In his review of my book about Jan Hendrik Schön's fraud at Bell Laboratories, Plastic Fantastic: How the Biggest Fraud in Physics Shook the Scientific World, Martin Blume argues that the vigilance of whistleblowers is part of the natural corrective process of science ('Keeping up scientific standards' Nature 459, 645–646; 2009). I disagree.
Blume's analysis fails to explain why whistleblowers so often find themselves working outside ordinary channels. In science today, the activities of searching for manipulated data, pursuing charges against colleagues and investigating others for misconduct are considered extra to normal scientific activity. Many suffer for speaking up, damaging their reputations. The fact that, in this rare case, the establishment did come around to the whistleblowers' position is not a reason to play down the risks they face, or the initiative and imagination needed to work around or take on reluctant scientific institutions.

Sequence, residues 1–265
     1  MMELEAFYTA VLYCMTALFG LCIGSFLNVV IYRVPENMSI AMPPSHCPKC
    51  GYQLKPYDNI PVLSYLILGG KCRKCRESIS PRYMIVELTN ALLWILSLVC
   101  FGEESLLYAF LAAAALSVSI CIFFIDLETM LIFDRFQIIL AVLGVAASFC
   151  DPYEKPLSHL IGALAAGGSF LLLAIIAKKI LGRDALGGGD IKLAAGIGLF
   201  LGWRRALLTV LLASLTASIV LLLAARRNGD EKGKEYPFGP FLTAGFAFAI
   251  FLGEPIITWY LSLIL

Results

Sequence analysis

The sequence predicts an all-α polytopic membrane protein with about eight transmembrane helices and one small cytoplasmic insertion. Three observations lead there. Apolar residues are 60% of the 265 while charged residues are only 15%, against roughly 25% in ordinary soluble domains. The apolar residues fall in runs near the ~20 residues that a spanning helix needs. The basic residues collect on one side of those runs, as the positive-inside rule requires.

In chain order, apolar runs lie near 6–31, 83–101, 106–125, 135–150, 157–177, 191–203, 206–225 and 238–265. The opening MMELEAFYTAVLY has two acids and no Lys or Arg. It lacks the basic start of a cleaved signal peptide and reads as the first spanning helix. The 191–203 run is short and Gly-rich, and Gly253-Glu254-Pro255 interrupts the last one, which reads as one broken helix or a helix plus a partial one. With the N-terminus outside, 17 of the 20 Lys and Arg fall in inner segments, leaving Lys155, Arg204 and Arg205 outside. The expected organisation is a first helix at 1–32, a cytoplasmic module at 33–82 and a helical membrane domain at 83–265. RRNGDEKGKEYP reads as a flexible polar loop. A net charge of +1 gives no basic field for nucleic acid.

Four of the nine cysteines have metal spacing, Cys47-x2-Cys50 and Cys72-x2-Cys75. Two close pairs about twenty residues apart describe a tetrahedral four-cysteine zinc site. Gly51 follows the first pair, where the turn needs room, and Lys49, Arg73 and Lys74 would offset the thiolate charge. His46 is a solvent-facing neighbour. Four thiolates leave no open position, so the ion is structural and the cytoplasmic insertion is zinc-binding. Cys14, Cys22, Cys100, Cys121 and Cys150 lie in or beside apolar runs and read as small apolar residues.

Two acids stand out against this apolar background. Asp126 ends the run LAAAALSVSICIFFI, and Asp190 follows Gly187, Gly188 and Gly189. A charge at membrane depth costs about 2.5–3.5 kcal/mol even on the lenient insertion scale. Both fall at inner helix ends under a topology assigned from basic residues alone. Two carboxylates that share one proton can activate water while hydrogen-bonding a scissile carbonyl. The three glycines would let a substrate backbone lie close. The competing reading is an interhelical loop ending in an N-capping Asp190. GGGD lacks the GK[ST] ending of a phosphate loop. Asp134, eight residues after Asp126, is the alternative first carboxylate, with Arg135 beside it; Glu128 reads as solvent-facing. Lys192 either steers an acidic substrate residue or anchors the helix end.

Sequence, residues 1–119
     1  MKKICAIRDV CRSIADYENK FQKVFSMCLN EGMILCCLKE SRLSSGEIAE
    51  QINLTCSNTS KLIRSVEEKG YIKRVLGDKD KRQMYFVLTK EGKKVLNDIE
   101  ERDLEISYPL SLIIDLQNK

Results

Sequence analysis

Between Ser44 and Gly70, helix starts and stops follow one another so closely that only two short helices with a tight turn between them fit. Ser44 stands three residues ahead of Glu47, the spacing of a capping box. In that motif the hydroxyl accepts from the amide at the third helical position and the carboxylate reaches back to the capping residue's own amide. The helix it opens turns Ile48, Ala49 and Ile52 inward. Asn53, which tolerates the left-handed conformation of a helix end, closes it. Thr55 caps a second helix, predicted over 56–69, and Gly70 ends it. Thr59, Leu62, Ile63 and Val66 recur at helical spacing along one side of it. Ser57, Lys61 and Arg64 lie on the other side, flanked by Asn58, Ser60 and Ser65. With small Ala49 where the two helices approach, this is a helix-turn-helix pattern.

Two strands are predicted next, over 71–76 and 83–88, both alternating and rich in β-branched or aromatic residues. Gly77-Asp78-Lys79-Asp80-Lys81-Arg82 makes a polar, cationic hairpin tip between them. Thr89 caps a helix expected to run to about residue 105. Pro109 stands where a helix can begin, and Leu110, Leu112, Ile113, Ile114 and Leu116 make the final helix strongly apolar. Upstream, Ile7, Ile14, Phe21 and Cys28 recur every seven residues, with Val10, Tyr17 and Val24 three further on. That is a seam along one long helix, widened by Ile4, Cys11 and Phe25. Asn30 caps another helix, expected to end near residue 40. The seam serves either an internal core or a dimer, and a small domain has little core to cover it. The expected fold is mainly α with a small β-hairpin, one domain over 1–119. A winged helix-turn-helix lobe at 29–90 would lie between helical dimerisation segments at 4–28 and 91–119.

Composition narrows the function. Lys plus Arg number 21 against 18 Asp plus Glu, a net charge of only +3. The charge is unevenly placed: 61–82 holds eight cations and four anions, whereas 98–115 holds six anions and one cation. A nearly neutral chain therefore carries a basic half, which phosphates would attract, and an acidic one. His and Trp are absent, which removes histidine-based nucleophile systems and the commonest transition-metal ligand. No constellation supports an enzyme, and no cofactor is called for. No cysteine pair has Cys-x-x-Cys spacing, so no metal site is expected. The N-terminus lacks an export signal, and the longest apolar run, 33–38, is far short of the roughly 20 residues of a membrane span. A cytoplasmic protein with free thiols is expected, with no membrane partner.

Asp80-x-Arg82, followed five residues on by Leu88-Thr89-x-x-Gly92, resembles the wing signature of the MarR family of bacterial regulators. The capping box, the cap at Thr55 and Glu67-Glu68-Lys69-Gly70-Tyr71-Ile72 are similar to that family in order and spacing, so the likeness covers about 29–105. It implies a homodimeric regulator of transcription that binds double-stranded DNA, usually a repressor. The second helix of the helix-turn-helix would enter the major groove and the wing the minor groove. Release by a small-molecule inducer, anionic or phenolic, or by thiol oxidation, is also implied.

Also, the correction of fraud often fails to happen through other recognized channels. Blume mentions the attempted replication of experiments by other laboratories and peer review, which were seriously wanting in the Schön case. Schön was only exposed when information about data irregularities previously noticed inside Bell Labs was passed along a chain of concerned scientists to independent external researchers. Whistleblowers only became involved after management failed to act effectively on internal concerns.
Science today can claim ownership of some corrective processes, including criticism of unrealistic research findings. Whistleblowing, sadly, is not among them.